Arise, Sir Andy? Is Murray too young to be knighted?
Andy Murray says he is too young to be knighted. But is 29 really too young for the world's number one tennis star to be made Sir Andy Murray?
The bookmakers say he's odds on.
Fresh from a year that has seen him claim his second Wimbledon title and end the season top of tennis' ATP rankings, Andy Murray is rated at a meagre 1/3 to be knighted in the New Year's Honour list by some leading bookmakers.
But the man himself says he is not yet old enough.
Asked about the prospect of becoming "Sir Andy", he told national journalists: "I don't know, I feel too young for something like that."
Describing it as "the highest honour you can get in this country", he added: "I am still young and there are still a lot of things that can go wrong. I could still mess up and make mistakes. Do stuff wrong.
"I am just trying to keep doing what I am doing, working hard, and achieving stuff."
Murray, if knighted, would not be the youngest knight of the realm.
The Cabinet Office says it does not have a record of the youngest recipient of a British knighthood. However, some reports suggest it may be Shivaji VI, who was a Raja of Kolhapur, in India, from 1871 to 1883.
He was aged just 13.
Ellen MacArthur, who became the fastest person to sail solo around the world in 2005, is the youngest woman to receive a damehood. She was 28 - a year younger than Murray.
More recently, Sir Bradley Wiggins and fellow cyclist Sir Chris Hoy were both 32 when they were knighted.
Richard Caborn, the Labour minister for sport from 2001 to 2007, said if Murray's nomination had been given to him during his time in office, he would have approved it without hesitation - saying age would not have even been a consideration.
The former MP for Sheffield Central said recipients "really had to excel" and reach the "pinnacle" of their sport to be recognised.
During his time in office, rowers Sir Steve Redgrave and Sir Matthew Pinsent, and ex-England rugby coach Sir Clive Woodward were among those to be knighted. Olympian Dame Kelly Holmes and Paralympian Dame Tanni Grey-Thompson were recognised with damehoods.
All were older than Murray, but Mr Caborn says age did not ever come into his decisions.
"It is about acknowledging both his ability and what he has done for Great Britain in the world of sport," he said.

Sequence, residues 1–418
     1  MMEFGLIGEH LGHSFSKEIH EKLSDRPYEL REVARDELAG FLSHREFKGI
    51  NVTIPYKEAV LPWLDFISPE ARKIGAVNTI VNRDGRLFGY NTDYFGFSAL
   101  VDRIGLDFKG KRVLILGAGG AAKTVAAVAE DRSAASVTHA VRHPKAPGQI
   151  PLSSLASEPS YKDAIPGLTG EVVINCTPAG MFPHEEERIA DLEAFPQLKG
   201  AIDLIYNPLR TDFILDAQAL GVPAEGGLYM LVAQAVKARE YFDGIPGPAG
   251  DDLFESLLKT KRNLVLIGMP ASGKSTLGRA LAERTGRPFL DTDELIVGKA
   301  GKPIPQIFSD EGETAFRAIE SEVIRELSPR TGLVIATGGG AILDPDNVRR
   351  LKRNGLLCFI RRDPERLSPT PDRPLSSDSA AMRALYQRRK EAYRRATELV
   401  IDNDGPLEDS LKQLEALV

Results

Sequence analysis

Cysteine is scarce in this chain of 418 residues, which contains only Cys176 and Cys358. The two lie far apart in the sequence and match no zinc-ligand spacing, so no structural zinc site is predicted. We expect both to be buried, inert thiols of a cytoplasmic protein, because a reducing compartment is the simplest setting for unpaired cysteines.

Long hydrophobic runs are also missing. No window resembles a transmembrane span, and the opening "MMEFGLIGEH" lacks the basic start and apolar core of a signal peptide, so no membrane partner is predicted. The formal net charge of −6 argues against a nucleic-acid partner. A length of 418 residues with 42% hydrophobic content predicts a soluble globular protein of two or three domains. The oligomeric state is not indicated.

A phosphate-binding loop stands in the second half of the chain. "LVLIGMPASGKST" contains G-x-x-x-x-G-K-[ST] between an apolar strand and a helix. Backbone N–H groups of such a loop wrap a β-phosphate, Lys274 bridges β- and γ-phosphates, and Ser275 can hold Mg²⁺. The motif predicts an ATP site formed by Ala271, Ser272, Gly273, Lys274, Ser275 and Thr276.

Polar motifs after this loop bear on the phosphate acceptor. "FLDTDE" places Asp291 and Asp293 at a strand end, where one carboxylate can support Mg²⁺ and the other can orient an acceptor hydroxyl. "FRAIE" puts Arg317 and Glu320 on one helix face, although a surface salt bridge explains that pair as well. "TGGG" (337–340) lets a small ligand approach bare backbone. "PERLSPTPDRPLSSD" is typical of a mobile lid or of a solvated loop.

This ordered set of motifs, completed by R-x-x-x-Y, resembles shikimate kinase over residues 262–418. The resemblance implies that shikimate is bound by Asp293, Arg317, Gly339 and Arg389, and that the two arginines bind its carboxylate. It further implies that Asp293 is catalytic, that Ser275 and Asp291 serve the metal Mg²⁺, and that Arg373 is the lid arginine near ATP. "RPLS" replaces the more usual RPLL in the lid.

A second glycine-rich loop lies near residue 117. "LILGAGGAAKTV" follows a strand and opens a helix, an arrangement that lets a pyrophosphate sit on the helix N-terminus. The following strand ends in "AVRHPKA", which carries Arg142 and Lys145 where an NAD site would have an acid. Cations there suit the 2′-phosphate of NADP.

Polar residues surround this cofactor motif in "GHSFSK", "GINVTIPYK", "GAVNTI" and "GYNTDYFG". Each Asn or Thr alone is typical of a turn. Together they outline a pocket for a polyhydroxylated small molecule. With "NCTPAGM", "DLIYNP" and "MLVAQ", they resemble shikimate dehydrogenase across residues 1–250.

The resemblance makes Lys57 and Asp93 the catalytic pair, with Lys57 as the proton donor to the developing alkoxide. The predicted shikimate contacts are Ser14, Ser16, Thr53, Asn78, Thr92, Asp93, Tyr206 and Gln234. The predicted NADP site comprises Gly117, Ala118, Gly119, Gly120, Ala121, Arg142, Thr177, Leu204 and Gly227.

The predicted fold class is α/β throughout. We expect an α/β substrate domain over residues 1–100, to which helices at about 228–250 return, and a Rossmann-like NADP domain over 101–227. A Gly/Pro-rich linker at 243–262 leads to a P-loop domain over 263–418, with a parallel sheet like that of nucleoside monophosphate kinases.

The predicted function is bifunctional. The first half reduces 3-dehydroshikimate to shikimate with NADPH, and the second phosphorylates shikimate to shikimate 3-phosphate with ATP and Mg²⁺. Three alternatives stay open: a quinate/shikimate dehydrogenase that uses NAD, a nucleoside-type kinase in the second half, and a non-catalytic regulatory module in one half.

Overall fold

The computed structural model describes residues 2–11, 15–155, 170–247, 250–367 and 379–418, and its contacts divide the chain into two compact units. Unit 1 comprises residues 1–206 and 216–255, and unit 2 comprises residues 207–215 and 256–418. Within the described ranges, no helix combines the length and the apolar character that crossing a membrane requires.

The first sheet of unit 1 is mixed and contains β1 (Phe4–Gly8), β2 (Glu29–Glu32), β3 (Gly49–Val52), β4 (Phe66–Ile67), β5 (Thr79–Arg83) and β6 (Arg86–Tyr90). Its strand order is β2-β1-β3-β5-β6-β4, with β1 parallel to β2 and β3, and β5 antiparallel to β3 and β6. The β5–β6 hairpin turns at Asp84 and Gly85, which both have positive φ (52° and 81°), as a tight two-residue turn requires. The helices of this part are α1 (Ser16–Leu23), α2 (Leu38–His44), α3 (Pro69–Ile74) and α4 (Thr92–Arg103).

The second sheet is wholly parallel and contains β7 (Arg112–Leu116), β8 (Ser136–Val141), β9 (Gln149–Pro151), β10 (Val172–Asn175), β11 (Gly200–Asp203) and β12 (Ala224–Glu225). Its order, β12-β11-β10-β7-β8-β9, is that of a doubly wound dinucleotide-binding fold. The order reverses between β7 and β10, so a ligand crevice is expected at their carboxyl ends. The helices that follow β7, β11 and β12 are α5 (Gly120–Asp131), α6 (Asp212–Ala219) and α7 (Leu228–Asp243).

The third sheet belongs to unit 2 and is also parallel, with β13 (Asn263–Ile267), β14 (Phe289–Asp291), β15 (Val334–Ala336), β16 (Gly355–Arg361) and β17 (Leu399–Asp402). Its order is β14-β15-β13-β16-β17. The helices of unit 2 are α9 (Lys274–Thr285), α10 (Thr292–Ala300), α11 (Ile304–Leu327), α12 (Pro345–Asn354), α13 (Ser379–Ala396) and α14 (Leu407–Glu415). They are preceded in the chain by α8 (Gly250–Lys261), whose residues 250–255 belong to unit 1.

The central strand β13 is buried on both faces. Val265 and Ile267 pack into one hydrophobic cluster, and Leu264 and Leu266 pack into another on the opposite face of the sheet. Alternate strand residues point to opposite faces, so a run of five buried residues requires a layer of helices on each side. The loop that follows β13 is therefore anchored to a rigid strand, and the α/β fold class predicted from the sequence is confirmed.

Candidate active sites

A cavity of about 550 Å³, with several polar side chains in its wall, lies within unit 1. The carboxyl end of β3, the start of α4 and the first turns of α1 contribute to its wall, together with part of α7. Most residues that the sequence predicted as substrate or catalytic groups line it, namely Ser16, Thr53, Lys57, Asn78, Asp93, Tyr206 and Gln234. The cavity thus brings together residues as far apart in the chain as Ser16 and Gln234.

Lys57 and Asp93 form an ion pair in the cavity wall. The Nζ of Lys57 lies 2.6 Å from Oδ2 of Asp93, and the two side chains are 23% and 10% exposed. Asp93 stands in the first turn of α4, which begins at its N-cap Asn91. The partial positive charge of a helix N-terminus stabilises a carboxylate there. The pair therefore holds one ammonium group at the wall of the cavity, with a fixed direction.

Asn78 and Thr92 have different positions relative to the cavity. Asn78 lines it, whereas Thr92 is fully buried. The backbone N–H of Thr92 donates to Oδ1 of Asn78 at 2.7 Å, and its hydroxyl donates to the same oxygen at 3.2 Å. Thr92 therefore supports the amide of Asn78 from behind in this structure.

"He has excelled beyond expectations to get to the pinnacle of one of the toughest games in the world.
"But it is not just about winning, it is about how he has won and the determination he has put in over the last few years. He is absolutely dedicated. I think that needs recognising."
Who decides on knighthoods?
Anyone can nominate someone for an honour.
The nomination is then decided by an honours committee, which in Andy Murray's case would be the sport committee.
Chaired by Lord Coe, president of the International Association of Athletics Federations, the committee also includes former Paralympic athlete Baroness Grey-Thompson and Graham Taylor, the former England football manager.
Assuming the committee approves the nomination, it would then go before the main honours committee, which is made up of the chair from each of the sub-committees as well as the cabinet secretary, the permanent secretary of the Foreign and Commonwealth Office and the chief of the defence staff.
Of course, the nominee can then always decline the award.
Government records show painter LS Lowry and sculptor Henry Moore both turned down knighthoods.
Source: Cabinet Office
'A political imposition'
However, Sue Mott, a sports journalist and Murray's biographer, said she believed the Scottish star "meant every word" about feeling too young for the honour.
"Knowing him as I do from when we wrote the book together, he hates fame and he hates fame for fame's sake," she said. "He hates the spotlight - unless he is on a tennis court.
"I think the whole rigmarole of being knighted and being called Sir Andy would appal him.
"I think when his career finishes and he retires to a Scottish mansion, he will know it will be given to him in affection.
"I actually agree with him and absolutely sympathise with him that he just wants to have fun - and he wouldn't be able to have as much fun as 'Sir Andy'."
To not wait until he finishes tennis would be "a political imposition", she added.
"I think if the authorities have got any sense at all, they would stop trying to curry favour at every moment and wait until his career is over."
Andrew Castle, broadcaster, tennis commentator and ex-tennis professional, said that while he is in no doubt Murray will receive a knighthood at some point, it will not be what defines his career.
"I don't think it matters at all to be honest," he said.
"He will get one at one stage in his career.
"But that doesn't make him a good person or a sporting warrior. It doesn't justify his existence. His reward is where he is in the world - number one."